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Band, baaja, Bollywood
To see the ten of them in an Indian wedding procession you'd think they were that sine qua non of all modern marriages - the firangi guests. But then you'd notice the dhol and trumpet and trombone and sousaphone and you realize, incredulously, that these white stripes are in fact that organic part of all Indian marriages - the brass band.
The Bollywood Brass Band, which is the moniker they go by, is a collective of 10 British musicians from London who took a shine to brass and, interestingly, Bollywood music. "Some of us were originally part of a band called Crocodile Style in the UK. It was a street band that played samba, jazz, funk and so on at processions, carnivals and fairs, " says Nick Cattermole, bass drummer and one of the original crocs. "It was at a Diwali procession in London in 1992 that we met the Shayyam Brass Band from Jabalpur and heard them play bhangra and Bollywood. We learnt a couple of lines from them, and went on to form the Diwali Band. "
The present lot, which includes women, got to know each other through the "brass connection", and BBB was born. Managed by an outdoor arts company in London called Emergency Exit Arts, the group has, for over two decades, been belting out B&B (Bolly and bhangra) at carnivals, concerts, culture jamborees and, unavoidably, the odd Indian wedding abroad. Then three years ago they were spotted by an enterprising entertainment agent in India called Deepak Shah, and the next thing the band knew was that they were beating out Tu cheez badi hai mast mast and Dum dum diga diga at goldclass Gujarati and Marwari weddings in Indore, Jaipur, Udaipur and Kolkata.
"We don't need much persuasion to come here in the wedding season, " grins trombonist Dave Jago. Sound Spirit, Shah's company that manages them in India, flies them in every year around November, and dispatches them back home when the season ends around February-March. What started as an investment risk - ten round-trip tickets plus accommodation costs and air freight for king-size instruments - is turning out to be a cool gamble. Jigar Shah, Deepak's scion and business hand, says, "The first year they played three events in India;this year, they've done four weddings and will return in March for two more. At every wedding there are inquiries about bookings. "
Indeed, the rich set, which believes no occasion is more opportune than a wedding to parade its wealth, now also wants to raise the ante of extraordinary by including zanier acts (and perhaps cock a snook at colonialism. ) Does it get better than an all-white (or 9/10th white) bhangra-and-Bollywood playing ensemble?
The band, of course, is having too much fun to consider these things. "There's more chaos here, and the weddings are definitely bigger - they're in palaces!" says Cattermole with exaggerated awe. They've been touring one conjugal shindig after another, playing no longer than two-hour sets at each, and, unlike their poor Indian brethren in their tatty uniforms, this lot often gets invited to the party. But then, they are a separate breed, and we're not talking Anglo-Saxon. "We play written music, and naturally we have to learn it to perform, " says soprano saxophone Sarah Moore, whose tricky duty it is to render into notation the jingle-jangle of our mongrel style. And because they don't play it by ear, there's a classical exactitude to their sound. They've got over 40 songs in their repertoire, including numbers like Aaj mere yaar ki shaadi hai, Mehndi laga ke rakhna, Tu cheez badi hai mast mast, Twist and Bachna ae haseeno. "They're now on to Munni and Sheila, " says Shah, bringing us up to speed.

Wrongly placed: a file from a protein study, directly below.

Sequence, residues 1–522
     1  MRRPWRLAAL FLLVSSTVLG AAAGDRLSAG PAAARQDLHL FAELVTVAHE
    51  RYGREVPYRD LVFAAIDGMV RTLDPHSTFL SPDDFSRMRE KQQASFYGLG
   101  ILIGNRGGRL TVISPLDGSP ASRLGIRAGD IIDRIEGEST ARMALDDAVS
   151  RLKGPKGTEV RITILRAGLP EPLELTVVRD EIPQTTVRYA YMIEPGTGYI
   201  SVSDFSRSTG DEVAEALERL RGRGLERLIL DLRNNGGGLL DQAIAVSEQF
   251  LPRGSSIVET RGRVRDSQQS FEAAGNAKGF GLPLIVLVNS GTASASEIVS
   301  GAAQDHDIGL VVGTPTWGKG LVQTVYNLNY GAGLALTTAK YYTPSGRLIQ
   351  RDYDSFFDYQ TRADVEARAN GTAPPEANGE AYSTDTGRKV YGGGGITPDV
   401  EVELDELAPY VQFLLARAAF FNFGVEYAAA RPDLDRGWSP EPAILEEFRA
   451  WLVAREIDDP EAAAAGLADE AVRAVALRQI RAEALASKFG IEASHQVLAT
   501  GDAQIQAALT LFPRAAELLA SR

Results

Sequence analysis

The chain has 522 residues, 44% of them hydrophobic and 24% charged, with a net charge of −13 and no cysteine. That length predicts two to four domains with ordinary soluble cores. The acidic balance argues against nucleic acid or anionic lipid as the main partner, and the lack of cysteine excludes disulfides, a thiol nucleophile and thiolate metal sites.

"To write Bollywood music, which is hard to do, you have to listen to it again and again because its structure is so complicated, with odd bars and unusual sequencing, " says Moore. "But it is more satisfying precisely because of its complexity. " And while most brass bands have one or two primary players, with the rest following their lead, at BBB, everyone's vote counts, even the two oddballs from IT and publishing. "We all bring in our musical influences, " says Philippe d'Amonville, who mans the snare drum and drum-kit. Which means they play Bollywood but with undertones of jazz and funk, and sometimes go all out and remix the thing.
Indian baraats led by BBB hot-step proudly in the knowledge that theirs is certified top brass - these fellows have played for the Queen of England and her sallow son, Charles. They've also played at the Olympic Torch Relay in London, 2008, the Zee TV awards, at Oslo Opera House, London Mela 2007, and at over a dozen music festivals and events around 27 countries. They were also the ethnically appropriate openers at the unveiling of Bollywood icons at Madame Tussauds -Aishwarya Rai and Hrithik Roshan. Did we mention the four albums they've recorded;one a tribute to AR called Rahmania?
And yes, they do field requests at weddings, but what they don't know they make a note of, go home and practice. "A question we get asked a lot is, 'Do you speak Hindi?', " reports Cattermole. "When we say no, they want to know how we play Bollywood music. But you don't need to know Hindi to play Bollywood. " Because Bollywood's a curious language by itself.
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